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The Bermuda-UK Industry Partnership

Signing Bermuda MoU.jpegYou already know that Bermuda is the jewel of the Atlantic. But you will be less aware of how precious it is to us British.

It is not just the shared history and the legacies of democracy and law. It is precious to us because of our shared culture. We both think of the same things as decent.We both treasure free speech and we respect the same institutions. We are the same people, it’s just you have double our GDP per capita, better weather, and pristine beaches![1]

I am not only honoured to be given this opportunity to talk to you. It is a personal pleasure. So once again, thank you.

This may be my first visit to Bermuda, but I already feel at home. Because as I look around the room, I see many firms I recognise as my own members. AIG & Validus[2]; Antares; Arch; Aspen; Assured Guarantee; Chubb; Convex; Hannover Re; Hiscox & Sirius Point. The fact that so many ABI members are here proves the close relationship between the insurance sectors in the UK and Bermuda.

It also emphasises the international nature of the re-insurance business. As a trade association, our fundamental role is to serve our members by acting as a convenor. We bring together our members with one another, with government, with regulators, service providers and yes, potential customers.

Done right, this convening brings enormous value to our industry and can make a profound, positive impact on our society. This is the power of what I like to call “strength through association” and it is the reason I am here in Bermuda.

The ABI and ABIR have a long history of collaboration. As trade associations, we want to help our members take advantage of the synergy between the Bermuda and UK industries.

I am delighted to announce that today the ABI and ABIR have signed an MOU to strengthen our partnership and deliver even more value to our respective members.

The MOU covers three priorities common to our industries.

  1. Sharing knowledge of firms’ efforts to tackle climate change;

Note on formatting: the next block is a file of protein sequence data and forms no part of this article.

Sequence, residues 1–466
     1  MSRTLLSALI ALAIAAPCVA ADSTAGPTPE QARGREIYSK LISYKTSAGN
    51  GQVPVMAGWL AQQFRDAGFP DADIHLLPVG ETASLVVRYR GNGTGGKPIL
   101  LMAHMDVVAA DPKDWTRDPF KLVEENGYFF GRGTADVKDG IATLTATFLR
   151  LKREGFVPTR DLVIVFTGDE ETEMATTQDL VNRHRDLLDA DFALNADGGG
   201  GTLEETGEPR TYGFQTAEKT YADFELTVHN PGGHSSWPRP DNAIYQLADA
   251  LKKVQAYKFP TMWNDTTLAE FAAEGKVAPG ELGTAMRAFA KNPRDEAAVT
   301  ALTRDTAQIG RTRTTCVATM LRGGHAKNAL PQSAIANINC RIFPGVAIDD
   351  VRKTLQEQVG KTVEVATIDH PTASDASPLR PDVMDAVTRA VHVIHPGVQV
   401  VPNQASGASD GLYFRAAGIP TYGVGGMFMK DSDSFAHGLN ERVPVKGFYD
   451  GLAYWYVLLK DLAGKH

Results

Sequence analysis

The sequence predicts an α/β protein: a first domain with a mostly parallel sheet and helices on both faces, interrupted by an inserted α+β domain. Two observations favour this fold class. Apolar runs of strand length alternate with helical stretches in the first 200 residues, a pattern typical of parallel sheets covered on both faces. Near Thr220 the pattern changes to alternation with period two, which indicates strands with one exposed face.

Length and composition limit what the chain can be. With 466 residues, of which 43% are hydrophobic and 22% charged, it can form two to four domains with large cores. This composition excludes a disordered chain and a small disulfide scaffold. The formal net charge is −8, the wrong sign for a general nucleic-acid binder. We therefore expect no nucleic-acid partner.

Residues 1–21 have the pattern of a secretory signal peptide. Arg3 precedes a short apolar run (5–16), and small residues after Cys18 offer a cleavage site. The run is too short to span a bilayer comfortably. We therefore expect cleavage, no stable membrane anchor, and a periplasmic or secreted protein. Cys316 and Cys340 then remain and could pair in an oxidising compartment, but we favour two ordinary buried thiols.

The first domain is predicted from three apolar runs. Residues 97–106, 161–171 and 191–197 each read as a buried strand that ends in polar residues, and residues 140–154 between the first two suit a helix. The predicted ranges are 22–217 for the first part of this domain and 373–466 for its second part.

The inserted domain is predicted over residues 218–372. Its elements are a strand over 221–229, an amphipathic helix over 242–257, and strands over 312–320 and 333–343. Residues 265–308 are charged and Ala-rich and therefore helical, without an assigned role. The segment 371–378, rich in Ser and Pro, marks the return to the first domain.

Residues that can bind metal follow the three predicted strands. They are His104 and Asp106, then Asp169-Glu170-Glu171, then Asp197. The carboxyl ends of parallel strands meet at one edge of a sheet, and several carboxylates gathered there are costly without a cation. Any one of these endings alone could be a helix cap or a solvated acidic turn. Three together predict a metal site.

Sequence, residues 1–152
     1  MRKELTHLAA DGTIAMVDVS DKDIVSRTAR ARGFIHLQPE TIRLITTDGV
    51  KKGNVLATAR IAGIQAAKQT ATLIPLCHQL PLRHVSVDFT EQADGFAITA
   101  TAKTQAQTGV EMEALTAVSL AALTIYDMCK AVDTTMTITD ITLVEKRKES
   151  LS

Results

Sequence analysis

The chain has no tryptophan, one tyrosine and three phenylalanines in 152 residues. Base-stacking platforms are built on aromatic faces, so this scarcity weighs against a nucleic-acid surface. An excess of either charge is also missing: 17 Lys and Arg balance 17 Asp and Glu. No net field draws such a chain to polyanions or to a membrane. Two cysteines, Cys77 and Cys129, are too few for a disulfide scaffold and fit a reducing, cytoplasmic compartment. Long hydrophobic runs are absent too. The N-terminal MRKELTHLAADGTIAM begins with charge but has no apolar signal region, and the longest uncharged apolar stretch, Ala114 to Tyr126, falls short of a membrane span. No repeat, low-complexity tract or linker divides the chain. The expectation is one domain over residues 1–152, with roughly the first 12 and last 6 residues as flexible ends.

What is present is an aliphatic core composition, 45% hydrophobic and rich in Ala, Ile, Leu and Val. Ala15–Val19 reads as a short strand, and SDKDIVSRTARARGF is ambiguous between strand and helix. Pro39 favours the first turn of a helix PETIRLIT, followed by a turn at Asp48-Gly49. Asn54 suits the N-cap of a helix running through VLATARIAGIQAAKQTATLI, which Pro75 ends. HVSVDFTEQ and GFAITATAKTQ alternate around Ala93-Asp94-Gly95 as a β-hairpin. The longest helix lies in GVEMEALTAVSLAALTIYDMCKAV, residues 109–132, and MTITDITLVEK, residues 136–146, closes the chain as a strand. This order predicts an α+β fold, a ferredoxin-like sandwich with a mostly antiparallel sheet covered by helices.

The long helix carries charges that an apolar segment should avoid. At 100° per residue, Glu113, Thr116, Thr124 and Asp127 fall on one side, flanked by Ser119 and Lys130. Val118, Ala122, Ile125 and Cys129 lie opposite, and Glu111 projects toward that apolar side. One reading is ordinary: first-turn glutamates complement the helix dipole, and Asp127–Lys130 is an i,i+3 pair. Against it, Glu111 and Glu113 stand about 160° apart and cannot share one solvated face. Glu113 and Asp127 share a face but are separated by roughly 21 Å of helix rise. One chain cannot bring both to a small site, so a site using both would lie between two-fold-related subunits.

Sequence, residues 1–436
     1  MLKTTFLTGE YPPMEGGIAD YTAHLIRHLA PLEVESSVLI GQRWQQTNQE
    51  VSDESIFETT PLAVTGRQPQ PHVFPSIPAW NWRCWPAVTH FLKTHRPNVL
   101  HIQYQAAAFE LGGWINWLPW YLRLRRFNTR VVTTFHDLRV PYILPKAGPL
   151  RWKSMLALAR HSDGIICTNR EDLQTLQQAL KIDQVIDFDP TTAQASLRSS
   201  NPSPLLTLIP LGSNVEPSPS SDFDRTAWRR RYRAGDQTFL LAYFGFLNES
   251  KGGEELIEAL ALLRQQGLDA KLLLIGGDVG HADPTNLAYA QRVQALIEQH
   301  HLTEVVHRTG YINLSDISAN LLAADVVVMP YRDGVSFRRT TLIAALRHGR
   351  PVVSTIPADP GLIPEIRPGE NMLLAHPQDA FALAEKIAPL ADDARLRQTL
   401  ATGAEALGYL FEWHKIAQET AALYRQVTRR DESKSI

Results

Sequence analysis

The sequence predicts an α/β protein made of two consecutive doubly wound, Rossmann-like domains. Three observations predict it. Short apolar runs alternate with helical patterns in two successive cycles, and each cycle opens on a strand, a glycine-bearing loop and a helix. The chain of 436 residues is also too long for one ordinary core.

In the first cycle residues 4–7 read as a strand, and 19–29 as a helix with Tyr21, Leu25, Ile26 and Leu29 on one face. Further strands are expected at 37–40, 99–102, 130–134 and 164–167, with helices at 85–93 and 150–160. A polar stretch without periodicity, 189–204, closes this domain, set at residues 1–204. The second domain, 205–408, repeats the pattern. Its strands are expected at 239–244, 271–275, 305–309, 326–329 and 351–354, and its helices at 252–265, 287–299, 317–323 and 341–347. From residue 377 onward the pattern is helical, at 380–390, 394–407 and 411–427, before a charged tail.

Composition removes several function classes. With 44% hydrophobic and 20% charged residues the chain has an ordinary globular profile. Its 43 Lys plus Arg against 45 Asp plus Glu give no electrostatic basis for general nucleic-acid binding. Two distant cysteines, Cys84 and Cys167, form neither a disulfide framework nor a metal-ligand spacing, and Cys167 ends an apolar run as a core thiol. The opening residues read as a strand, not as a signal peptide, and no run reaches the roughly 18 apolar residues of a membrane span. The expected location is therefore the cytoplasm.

2. Protecting our customers and ourselves from the growing cyber threat; and
  3. Attracting the brightest and best to work in our industry.

I am going to touch on all three topics but my focus will be on cyber, a threat that is growing exponentially.

How we will focus our industries efforts in the face of climate change

We all know too well the impact of climate change for our businesses and our customers.Globally, the insurance industry is in a unique position to build resilience to climate shocks and to support the transition to Net Zero.

Let me share just one example of how our strength through association can make an impact.

The UK needs investment in what we call green and good projects. More sustainable housing. Renewable energy.Electric charging networks. Impending changes to the UK’s Solvency II regime will enable our industry to invest £100bn in these kind of projects over the next ten years.

I’m proud to say we’ve launched an Investment Delivery Forum to bring together members, experts, the regulator and the investment community to make this happen. These investments are good for the economy and the environment. And show the power of our industry as a transformational force for good.

So, before I move on, let me ask you this.

These huge infrastructure projects need investment. They also need insurance. Is there an opportunity for Bermuda based firms to participate?

How we can protect our customers and ourselves from the growing cyber threat

Cyber-crime is on course to become the largest threat our customers are facing. Unlike other forms of crime it is not a question of whether our customers are being attacked…every business is being attacked, all the time.

The tiniest wordpress websites are targeted hundreds of times a day. Our largest customers are being attacked by hacking bots, millions of times a day. It only takes one vulnerability - one weak password, one unprotected home computer – for criminals to gain access. The cost to a single corporation could be in the billions.

Let me share a Ransomware example.

JBS is the world's largest meat processing company. Founded in 1953, this small family-owned business in Brazil now operates globally with group revenues in the region of 70 billion dollars. On 31 May 2021, JBS was hit by a ransomware attack by REvil – a cyber-crime syndicate known for extorting large payments from its victims.[3]

The attackers gained access to the corporation’s systems through the software used by a 3rd party vendor to remotely manage JBS’s computer infrastructure. JBS was forced to shut down operations at its plants in the United States, Canada, and Australia. How can this type of cyber-attack bring a physical business like meat processing to a halt?

In the Australian operation, cattle are processed; and when the cuts of meat reach the end of the production line they are issued a certification barcode. REvil’s attack focused on these certification computers. It took down the ability of JBS to certify its meat as fit for sale. Production stopped and more than 7,000 workers were stood down. 

The company estimated that the attack would cost it $1 billion in lost sales and repairs. So it chose to pay the hackers $11 million in Bitcoin to regain control of its systems.

In the first six months of this year, ransomware victims paid nearly half a billion dollars.[4]  By 2031, ransomware is predicted to cost businesses more than $265 billion per year.[5]